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Discontinued EPIC trial data announced

ARIAD has announced preliminary safety and efficacy data of ponatinib in patients with newly diagnosed chronic myeloid leukaemia (CML) from the discontinued phase III Evaluation of Ponatinib vs. Imatinib in CML (EPIC) trial.

ARIAD has announced preliminary safety and efficacy data of ponatinib in patients with newly diagnosed chronic myeloid leukaemia (CML) from the discontinued phase III Evaluation of Ponatinib vs. Imatinib in CML (EPIC) trial.

EPIC trial design
The EPIC trial was a phase III, multicentre, international, two-arm, open-label trial of ponatinib (administered at a starting dose of 45 mg once daily) versus imatinib (administered at a starting dose of 400 mg once daily) in patients with newly diagnosed chronic-phase CML. Patients were randomized (1:1) to ponatinib or imatinib and stratified by Sokal risk score determined at time of diagnosis.

On October 18, 2013, in consultation with the US Food and Drug Administration (FDA), ARIAD terminated the EPIC trial due to the observation of the accumulation of arterial thrombotic events in the ponatinib clinical programme.

From August 2012 to October 2013, 307 patients were randomized (58% of planned enrolment). None of the prospectively defined endpoints could be analysed due to the early termination of the trial. However, the following endpoints were available for analysis:

• <10% BCR-ABL transcript level by the international scale at 3 months;
• major molecular response (MMR), MR4 and MR4.5 rates at 3, 6, 9 and 12 months;
• MMR, MR4 and MR4.5 rates at least 3, 6, 9 and 12 months;
• MMR, MR4 and MR4.5 rates at any time (best response);
• time to MMR, MR4 and MR4.5;
• complete cytogenetic response (CCyR) at any time and at 6 and 12 months; and
• safety.

MMR at 12 months was the primary end-point of the trial. MMR is defined as a less than or equal to 0.1% ratio of BCR-ABL to ABL transcripts on the International Scale measured in peripheral blood. MR4 and MR4.5 are 4 log and 4.5 log reductions in BCR transcript levels, respectively.

EPIC trial findings
Despite the fact the primary end-point could not be analysed due to the early termination of the trial, analysis of the main secondary end-points provides preliminary evidence of efficacy of ponatinib compared with imatinib in newly diagnosed patients with chronic-phase CML at the doses studied and at the time points reached.

The median follow-up for both arms was 5 months at the time of termination of the trial, and the following observations were made:

•A higher proportion of evaluable ponatinib (94%, n=109) versus imatinib (68%, n=114) patients achieved <10% BCR-ABL transcript level at 3 months (p<0.001). This measure of efficacy has been shown in other trials to correlate with overall survival.
• While the primary end-point of the trial could not be assessed, the MMR rate at 12 months was higher for ponatinib patients (80% of n=10) than for imatinib patients (39% of n=13; p=0.074).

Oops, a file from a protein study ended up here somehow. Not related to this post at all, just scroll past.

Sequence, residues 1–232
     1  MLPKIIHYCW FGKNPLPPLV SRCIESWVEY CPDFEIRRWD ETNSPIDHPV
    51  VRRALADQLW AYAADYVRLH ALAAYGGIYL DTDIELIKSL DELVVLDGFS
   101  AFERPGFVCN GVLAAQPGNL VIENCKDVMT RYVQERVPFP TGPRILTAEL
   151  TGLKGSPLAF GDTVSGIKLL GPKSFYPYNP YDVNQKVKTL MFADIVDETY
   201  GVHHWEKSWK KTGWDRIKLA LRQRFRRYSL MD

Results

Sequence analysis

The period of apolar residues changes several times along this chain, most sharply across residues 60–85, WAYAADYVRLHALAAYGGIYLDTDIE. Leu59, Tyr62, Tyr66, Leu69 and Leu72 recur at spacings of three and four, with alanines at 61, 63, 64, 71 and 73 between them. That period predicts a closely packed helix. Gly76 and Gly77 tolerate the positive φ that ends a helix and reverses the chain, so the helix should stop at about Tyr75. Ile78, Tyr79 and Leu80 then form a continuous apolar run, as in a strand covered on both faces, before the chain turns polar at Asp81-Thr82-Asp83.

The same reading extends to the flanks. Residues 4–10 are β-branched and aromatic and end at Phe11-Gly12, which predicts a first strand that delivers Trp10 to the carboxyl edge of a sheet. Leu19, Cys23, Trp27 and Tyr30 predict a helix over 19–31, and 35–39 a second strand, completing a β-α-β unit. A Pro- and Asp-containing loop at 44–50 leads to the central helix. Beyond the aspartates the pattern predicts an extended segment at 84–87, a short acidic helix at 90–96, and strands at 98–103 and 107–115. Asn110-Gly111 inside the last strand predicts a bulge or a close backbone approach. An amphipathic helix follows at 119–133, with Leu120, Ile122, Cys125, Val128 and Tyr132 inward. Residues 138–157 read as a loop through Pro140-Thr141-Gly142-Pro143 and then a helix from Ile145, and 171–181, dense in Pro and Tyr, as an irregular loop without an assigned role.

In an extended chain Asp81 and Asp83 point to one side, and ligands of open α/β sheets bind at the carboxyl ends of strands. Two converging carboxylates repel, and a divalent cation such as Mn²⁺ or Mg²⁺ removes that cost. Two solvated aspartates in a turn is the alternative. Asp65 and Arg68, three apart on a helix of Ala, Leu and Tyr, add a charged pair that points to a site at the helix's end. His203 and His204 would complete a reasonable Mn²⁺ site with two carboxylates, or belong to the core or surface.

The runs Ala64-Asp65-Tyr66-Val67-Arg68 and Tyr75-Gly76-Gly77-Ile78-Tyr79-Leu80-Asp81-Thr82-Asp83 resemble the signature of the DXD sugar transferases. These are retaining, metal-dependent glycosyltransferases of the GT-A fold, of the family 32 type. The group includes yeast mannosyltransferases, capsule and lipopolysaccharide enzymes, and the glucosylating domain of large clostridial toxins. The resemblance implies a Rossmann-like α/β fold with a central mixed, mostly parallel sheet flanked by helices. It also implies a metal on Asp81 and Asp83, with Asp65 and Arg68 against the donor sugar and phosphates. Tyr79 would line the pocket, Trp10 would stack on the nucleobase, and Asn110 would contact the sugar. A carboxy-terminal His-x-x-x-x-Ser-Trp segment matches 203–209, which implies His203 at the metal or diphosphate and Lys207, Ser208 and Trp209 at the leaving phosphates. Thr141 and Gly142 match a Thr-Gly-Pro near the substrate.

MMR rates were higher for ponatinib versus imatinib at 3, 6 and 9 months (p =0.001):
• at 3 months, ponatinib MMR was 31% of n=109 versus imatinib MMR of 3% of n=114;
• at 6 months, ponatinib MMR was 62% of n=69 versus imatinib MMR of 22% of n=73;
• at 9 months, ponatinib MMR was 86% of n=22 versus imatinib MMR of 33% of n=27;
• MR4 and MR4.5 rates were higher for ponatinib versus imatinib at all time points through 12 months (p<0.02);
• Median time to MMR was shorter for ponatinib (100 days) versus imatinib (169 days); and
• CCyR rates were higher for ponatinib (74% of n=54) versus imatinib (53% of n=64) at any time (p=0.019). CCyR for ponatinib at 6 months was 86% of n=36 versus imatinib CCyR of 60% of n=50; p=0.012.

While no new safety signals were identified, there were more adverse events (AEs) in the ponatinib arm compared with imatinib:

• More ponatinib patients experienced vascular occlusive events (8%, n=12) versus imatinib patients (2%, n=3).
• There was a higher incidence of treatment-emergent grade 3 or 4 AEs for ponatinib versus imatinib. The most common AEs were lipase increase (14%, n=22) versus (2%, n=3), thrombocytopenia (12%, n=19) versus (7%, n=10), and rash (7%, n=10) versus (1%, n=2).
• There also was a higher incidence of serious AEs for ponatinib versus imatinib. The most common SAE was pancreatitis (3%, n=5) on the ponatinib arm; none reported with imatinib.
• More ponatinib patients versus imatinib patients had dose reductions (36%, n=55 versus 7%, n=10) and discontinuations due to AEs (9%, n=14) versus (1%, n=2).

The starting dose of ponatinib used in the EPIC trial was the same as the dose used in refractory CML patients.  Going forward, further evaluation in patients with newly diagnosed chronic-phase CML will require evaluation of lower doses of ponatinib.

“The data from the EPIC trial have helped inform a planned dose-ranging trial of ponatinib in patients with refractory CML and will help guide potential future studies in earlier lines of CML therapy, including in front-line patients,” stated Frank G. Haluska, MD, PhD, senior vice president of clinical research and development and chief medical officer at ARIAD. “Our continued goal is to optimize the benefit/risk of ponatinib in each of these patient populations.”



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